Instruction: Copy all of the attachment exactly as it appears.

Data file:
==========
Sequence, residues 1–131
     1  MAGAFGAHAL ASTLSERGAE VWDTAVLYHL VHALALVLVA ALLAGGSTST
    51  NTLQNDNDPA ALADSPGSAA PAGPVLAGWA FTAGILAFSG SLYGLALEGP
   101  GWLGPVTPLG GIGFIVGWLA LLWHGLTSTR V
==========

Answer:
Sequence, residues 1–131
     1  MAGAFGAHAL ASTLSERGAE VWDTAVLYHL VHALALVLVA ALLAGGSTST
    51  NTLQNDNDPA ALADSPGSAA PAGPVLAGWA FTAGILAFSG SLYGLALEGP
   101  GWLGPVTPLG GIGFIVGWLA LLWHGLTSTR V